Banks took advantage of this and started to push mortgages. Initially the banks were lending on fairly good terms but then competition set in and those with money found they could expand their wealth by borrowing at low interest rates in order to lend to those prepared to pay higher interest rates. One of the main groups prepared to pay these higher rates were poorer sections of the population desperate to get somewhere to live. As long as house prices continued rising, they seemed a safe group to lend to, since there was always a profit to be made by repossessing their homes if they failed to pay up on time. This lending became known as the “subprime mortgage market”.

Although on the surface this appeared to be a form of secure lending, in reality it was risky. Why? Because by 2006 the US economy began slowing down and profits in the US started to fall. As profits declined, firms got rid of workers and poor American’s could no longer keep up with their rising mortgage payments. Borrowing at one end of the chain could not be repaid. Repossessions led to falling house prices, and the “collateral” that supposedly guaranteed (provided security) against the loans, fell in value as well. An enormous 400 billion US dollars in lending was suddenly not repayable.

A whole host of new institutions emerged that began specializing in the same manner as the banks. They would obtain cheap credit in the environment of low interest rates after 2001, use it to make loans, and then ‘securitize’ them. Other financial institutions would also use cheap credit to buy the new securities. Other financial institutions would combine several of these securities to create even more complex forms of debt obligations.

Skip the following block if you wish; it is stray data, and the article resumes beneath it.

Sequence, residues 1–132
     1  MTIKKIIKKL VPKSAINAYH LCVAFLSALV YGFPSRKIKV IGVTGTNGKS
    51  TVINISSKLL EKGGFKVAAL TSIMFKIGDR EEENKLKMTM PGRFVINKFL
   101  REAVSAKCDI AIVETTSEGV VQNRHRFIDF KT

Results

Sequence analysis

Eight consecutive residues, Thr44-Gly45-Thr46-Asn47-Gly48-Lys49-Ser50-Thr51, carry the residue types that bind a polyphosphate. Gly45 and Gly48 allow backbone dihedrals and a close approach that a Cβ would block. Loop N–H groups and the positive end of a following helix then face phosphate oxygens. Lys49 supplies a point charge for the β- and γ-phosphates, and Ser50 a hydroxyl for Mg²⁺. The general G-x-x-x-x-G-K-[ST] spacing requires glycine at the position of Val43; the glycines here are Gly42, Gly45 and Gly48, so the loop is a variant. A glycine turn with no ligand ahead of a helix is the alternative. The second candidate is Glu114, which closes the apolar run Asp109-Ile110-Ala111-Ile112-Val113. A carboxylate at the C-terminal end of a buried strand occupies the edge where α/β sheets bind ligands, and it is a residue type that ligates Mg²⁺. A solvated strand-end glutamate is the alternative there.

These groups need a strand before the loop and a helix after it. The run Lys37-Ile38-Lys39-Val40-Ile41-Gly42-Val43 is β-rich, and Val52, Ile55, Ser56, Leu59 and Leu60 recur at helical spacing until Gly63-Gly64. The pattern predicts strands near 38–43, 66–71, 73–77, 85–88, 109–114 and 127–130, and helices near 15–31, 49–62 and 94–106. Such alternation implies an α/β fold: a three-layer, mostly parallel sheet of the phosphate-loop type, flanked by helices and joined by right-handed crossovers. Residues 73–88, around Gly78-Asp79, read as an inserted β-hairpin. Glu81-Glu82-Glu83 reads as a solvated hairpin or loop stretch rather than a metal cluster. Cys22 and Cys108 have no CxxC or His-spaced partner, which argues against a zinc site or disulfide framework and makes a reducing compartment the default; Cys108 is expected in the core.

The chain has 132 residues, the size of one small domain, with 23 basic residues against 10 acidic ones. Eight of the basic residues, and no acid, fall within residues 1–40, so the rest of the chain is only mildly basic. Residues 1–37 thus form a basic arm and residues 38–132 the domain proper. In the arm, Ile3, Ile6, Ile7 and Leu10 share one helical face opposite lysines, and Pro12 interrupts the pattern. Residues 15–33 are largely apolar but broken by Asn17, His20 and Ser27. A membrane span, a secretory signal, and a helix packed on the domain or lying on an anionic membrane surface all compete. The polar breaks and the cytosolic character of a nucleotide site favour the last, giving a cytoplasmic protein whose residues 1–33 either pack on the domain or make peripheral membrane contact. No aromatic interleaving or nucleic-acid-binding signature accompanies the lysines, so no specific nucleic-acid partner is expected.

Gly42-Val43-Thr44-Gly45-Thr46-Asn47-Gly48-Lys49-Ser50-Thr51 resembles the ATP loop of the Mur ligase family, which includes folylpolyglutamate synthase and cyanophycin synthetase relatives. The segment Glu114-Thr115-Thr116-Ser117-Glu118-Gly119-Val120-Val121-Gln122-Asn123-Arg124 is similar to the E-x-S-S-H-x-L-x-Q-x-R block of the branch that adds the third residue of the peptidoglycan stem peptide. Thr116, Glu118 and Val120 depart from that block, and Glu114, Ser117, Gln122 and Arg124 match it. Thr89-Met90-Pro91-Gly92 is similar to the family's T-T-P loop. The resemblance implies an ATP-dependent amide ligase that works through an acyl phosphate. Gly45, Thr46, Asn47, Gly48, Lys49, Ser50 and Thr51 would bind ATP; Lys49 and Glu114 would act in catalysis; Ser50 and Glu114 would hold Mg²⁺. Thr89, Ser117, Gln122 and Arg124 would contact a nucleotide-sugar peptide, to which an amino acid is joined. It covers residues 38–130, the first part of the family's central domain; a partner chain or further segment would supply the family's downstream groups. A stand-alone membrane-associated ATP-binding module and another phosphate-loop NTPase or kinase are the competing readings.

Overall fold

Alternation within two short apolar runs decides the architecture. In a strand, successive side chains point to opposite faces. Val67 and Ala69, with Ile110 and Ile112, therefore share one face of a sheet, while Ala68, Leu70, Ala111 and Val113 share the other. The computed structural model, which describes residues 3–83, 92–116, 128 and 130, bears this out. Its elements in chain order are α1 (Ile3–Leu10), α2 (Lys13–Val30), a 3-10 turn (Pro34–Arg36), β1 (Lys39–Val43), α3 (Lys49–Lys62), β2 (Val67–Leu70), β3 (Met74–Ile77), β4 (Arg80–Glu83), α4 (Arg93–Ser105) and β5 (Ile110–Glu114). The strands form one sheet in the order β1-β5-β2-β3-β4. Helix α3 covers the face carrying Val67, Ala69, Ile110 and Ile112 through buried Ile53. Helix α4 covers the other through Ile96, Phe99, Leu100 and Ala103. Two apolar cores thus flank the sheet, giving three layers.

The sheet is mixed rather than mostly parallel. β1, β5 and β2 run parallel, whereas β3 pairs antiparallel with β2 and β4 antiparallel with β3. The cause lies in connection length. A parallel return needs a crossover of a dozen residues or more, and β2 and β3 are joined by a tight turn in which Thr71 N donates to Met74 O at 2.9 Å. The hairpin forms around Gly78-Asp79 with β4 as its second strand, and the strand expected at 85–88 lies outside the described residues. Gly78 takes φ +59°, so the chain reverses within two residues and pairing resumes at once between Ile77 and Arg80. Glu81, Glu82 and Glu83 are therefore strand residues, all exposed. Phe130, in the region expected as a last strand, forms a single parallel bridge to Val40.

In this baroque and opaque world, fueled by cheap credit, it did not take long before just about all the major financial institutions across the world found themselves holding securities that contained bits of subprime mortgages. What was originally a small sickness within the US economy grew enormously because of the way capitalist credit works. In the end, governments’ were forced to intervene by bailing out vast swathes of the capitalist system as a precursor to saving it:

In spring 2008, Bear Sterns became an early high profile casualty of the crisis on Wall Street. Lehman Brothers followed shortly afterwards and the meltdown in Greece shortly after that. These problems emerged on the back of three decades of sustained low profitability.After World War two profit rates held up at about 15 per cent in the US. By the 1980s it was 10 per cent, and today it is just 5 per cent:

This would appear to indicate that the underlying problems of the global economy are systemic.

What is Marx’s explanation?

Marx’s basic line of argument was simple. Individual capitalists can increase their own competitiveness by increasing the productivity of their workforce. The way to do this is by using a greater quantity of the “means of production”—tools, machinery and so on—for each worker. There is a growth in the ratio of the physical extent of the means of production to the amount of labour power employed, a ratio that Marx called the “technical composition of capital”.